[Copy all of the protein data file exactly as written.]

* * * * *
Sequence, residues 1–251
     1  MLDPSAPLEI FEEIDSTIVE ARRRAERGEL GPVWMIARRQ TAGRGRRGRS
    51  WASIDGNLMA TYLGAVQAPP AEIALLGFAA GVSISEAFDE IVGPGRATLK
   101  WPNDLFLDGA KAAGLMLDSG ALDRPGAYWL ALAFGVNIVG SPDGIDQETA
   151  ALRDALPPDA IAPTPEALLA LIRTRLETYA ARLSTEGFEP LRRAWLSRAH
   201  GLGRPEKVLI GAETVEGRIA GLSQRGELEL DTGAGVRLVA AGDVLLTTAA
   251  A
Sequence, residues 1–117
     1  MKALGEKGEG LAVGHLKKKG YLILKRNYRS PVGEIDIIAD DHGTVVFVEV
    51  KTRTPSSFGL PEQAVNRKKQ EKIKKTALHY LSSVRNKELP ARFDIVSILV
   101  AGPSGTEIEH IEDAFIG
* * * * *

Sequence, residues 1–251
     1  MLDPSAPLEI FEEIDSTIVE ARRRAERGEL GPVWMIARRQ TAGRGRRGRS
    51  WASIDGNLMA TYLGAVQAPP AEIALLGFAA GVSISEAFDE IVGPGRATLK
   101  WPNDLFLDGA KAAGLMLDSG ALDRPGAYWL ALAFGVNIVG SPDGIDQETA
   151  ALRDALPPDA IAPTPEALLA LIRTRLETYA ARLSTEGFEP LRRAWLSRAH
   201  GLGRPEKVLI GAETVEGRIA GLSQRGELEL DTGAGVRLVA AGDVLLTTAA
   251  A
Sequence, residues 1–117
     1  MKALGEKGEG LAVGHLKKKG YLILKRNYRS PVGEIDIIAD DHGTVVFVEV
    51  KTRTPSSFGL PEQAVNRKKQ EKIKKTALHY LSSVRNKELP ARFDIVSILV
   101  AGPSGTEIEH IEDAFIG